-Author name in bold denotes the presenting author
-Asterisk * with author name denotes a Non-ASH member
Clinically Relevant Abstract denotes an abstract that is clinically relevant.

PhD Trainee denotes that this is a recommended PHD Trainee Session.

Ticketed Session denotes that this is a ticketed session.

176 Unraveling the Transcriptional Landscape of Nodular Lymphocyte-Predominant Hodgkin Lymphoma and T-Cell/Histiocyte Rich Large B-Cell Lymphoma: Impact of Tumor Microenvironment and Checkpoint Gene Expression

Program: Oral and Poster Abstracts
Type: Oral
Session: 622. Lymphomas: Translational – Non-Genetic: Illuminating the Tumor Microenvironment and Immune Landscape in Lymphoma
Hematology Disease Topics & Pathways:
Research, Hodgkin lymphoma, adult, Translational Research, Lymphomas, Clinical Research, Diseases, real-world evidence, Lymphoid Malignancies, young adult , Biological Processes, molecular biology, Technology and Procedures, profiling, Study Population, Human
Saturday, December 9, 2023: 2:15 PM

Ilja Kalashnikov, MD1*, Veronica Russell2*, Panu Kovanen, MD, PhD3*, Johannes Dunkel, MD, PhD3*, Marja-Liisa Karjalainen-Lindsberg, MD, PhD3*, Annika Pasanen, MD, PhD4*, Rachel Kositsky, PhD5*, Sarah L. Ondrejka, DO6, Tanu Goyal, MD7*, Eric D. Hsi, MD8, Mette Ølgod Pedersen, MD9*, Anne Ortved Gang, MD10*, Magdalena Czader, MD, PhD11*, Jiehao Zhou12*, Mina Xu, MD13*, Nathan Paulson13*, Jean L. Koff, MD, MSc14, Andrew G Evans, MD, PhD15*, Yasodha Natkunam, MD, PhD16, Ridas Juskevicius, MD17, Abner Louissaint, MD, PhD18*, Elizabeth Thacker19*, Tushar Dave2*, Cassandra L. Love2, Chad M McCall, MD, PhD20*, Choon Kiat Ong, PhD, BSc21*, Michael Churnetski, BS22*, Haley Martin23*, Jennifer R. Chapman-Fredricks, MD24*, Javeed Iqbal, PhD, MSc25*, Amy Chadburn, MD26, Payal Sojitra27*, Amir Behdad, MD28*, William Choi, MBBS, MRCP29, Jie Xu, MD PhD30*, Emily F. Ferguson Mason, MD, PhD17*, Kikkeri N Naresh31, Yuri D. Fedoriw, MD32*, Dina Sameh Soliman, MD, MBBS, MSc33, Sandeep Dave, M.D.34* and Sirpa Leppä, Professor1,4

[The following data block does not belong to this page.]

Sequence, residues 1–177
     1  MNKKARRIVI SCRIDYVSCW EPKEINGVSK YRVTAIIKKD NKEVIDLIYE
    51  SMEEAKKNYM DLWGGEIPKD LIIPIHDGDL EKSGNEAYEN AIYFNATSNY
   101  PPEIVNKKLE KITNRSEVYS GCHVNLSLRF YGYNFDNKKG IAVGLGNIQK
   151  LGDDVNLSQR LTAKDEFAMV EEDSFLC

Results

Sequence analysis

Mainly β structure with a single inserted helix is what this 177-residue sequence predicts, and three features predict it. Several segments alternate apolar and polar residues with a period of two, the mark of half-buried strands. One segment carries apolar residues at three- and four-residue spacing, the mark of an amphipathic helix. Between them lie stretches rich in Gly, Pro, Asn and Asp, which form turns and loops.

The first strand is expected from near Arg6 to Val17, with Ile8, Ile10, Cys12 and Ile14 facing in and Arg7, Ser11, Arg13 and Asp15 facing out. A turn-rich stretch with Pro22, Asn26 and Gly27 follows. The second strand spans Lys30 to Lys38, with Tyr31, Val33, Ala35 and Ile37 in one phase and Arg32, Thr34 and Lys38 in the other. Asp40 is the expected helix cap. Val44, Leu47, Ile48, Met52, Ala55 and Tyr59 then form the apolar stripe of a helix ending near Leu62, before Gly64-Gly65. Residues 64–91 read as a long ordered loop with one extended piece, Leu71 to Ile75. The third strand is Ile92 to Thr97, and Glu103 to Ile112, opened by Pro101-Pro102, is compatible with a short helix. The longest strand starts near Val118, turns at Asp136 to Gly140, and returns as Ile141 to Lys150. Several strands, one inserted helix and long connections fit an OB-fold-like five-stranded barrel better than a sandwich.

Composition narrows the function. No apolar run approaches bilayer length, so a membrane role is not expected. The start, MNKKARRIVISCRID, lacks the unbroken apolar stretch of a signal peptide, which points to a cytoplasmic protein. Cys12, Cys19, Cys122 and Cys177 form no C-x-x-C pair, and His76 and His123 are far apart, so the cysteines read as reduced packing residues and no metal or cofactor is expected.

1University of Helsinki, Helsinki, Finland
2Duke University, Durham, NC
3Department of Pathology, University of Helsinki and Helsinki University Hospital, Helsinki, Finland
4Helsinki University Hospital Comprehensive Cancer Center, Helsinki, Finland
5AstraZeneca, Waltham, MA
6Department of Laboratory Medicine, Cleveland Clinic, Cleveland, OH
7Cleveland Clinic, Cleveland, OH
8Department of Pathology, Wake Forest Baptist Medical Center, Winston Salem, NC
9Herlev hospital, Herlev, DNK
10Copenhagen University Hospital, Herlev, Denmark
11Department of Pathology and Laboratory Medicine, Indiana University School of Medicine, Indianapolis, IN
12Indiana University, Indianapolis, IN
13Yale University, New Haven, CT
14Winship Cancer Institute, Department of Hematology and Medical Oncology, Emory University School of Medicine, Atlanta, GA
15Department of Pathology and Laboratory Medicine, University of Rochester Medical Center, Rochester, NY
16Stanford Univ. Med. Ctr., Stanford, CA
17Vanderbilt University Medical Center, Nashville, TN
18Massachusetts General Hospital, Boston, MA
19Data Driven Bioscience, Durham, NC
20Carolinas Pathology Group, Charlotte, NC